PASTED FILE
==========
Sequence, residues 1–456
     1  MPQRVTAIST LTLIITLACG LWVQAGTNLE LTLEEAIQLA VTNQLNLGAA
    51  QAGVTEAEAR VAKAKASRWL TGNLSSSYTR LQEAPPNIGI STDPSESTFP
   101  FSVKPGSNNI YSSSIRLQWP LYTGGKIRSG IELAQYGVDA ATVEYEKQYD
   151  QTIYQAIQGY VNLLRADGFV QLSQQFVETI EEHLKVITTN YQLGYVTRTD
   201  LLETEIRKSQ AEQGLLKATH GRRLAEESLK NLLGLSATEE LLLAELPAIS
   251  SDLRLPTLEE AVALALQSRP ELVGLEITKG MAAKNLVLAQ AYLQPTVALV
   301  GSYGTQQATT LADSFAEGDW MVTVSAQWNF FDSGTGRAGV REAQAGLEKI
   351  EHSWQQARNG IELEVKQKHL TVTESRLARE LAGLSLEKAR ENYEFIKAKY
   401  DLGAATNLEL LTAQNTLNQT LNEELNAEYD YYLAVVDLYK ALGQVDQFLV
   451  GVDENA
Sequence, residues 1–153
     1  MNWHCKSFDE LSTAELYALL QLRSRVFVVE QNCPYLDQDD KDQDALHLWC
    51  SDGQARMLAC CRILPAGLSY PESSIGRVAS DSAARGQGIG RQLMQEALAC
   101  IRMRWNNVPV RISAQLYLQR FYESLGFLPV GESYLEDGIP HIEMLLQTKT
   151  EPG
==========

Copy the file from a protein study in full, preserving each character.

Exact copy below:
Sequence, residues 1–456
     1  MPQRVTAIST LTLIITLACG LWVQAGTNLE LTLEEAIQLA VTNQLNLGAA
    51  QAGVTEAEAR VAKAKASRWL TGNLSSSYTR LQEAPPNIGI STDPSESTFP
   101  FSVKPGSNNI YSSSIRLQWP LYTGGKIRSG IELAQYGVDA ATVEYEKQYD
   151  QTIYQAIQGY VNLLRADGFV QLSQQFVETI EEHLKVITTN YQLGYVTRTD
   201  LLETEIRKSQ AEQGLLKATH GRRLAEESLK NLLGLSATEE LLLAELPAIS
   251  SDLRLPTLEE AVALALQSRP ELVGLEITKG MAAKNLVLAQ AYLQPTVALV
   301  GSYGTQQATT LADSFAEGDW MVTVSAQWNF FDSGTGRAGV REAQAGLEKI
   351  EHSWQQARNG IELEVKQKHL TVTESRLARE LAGLSLEKAR ENYEFIKAKY
   401  DLGAATNLEL LTAQNTLNQT LNEELNAEYD YYLAVVDLYK ALGQVDQFLV
   451  GVDENA
Sequence, residues 1–153
     1  MNWHCKSFDE LSTAELYALL QLRSRVFVVE QNCPYLDQDD KDQDALHLWC
    51  SDGQARMLAC CRILPAGLSY PESSIGRVAS DSAARGQGIG RQLMQEALAC
   101  IRMRWNNVPV RISAQLYLQR FYESLGFLPV GESYLEDGIP HIEMLLQTKT
   151  EPG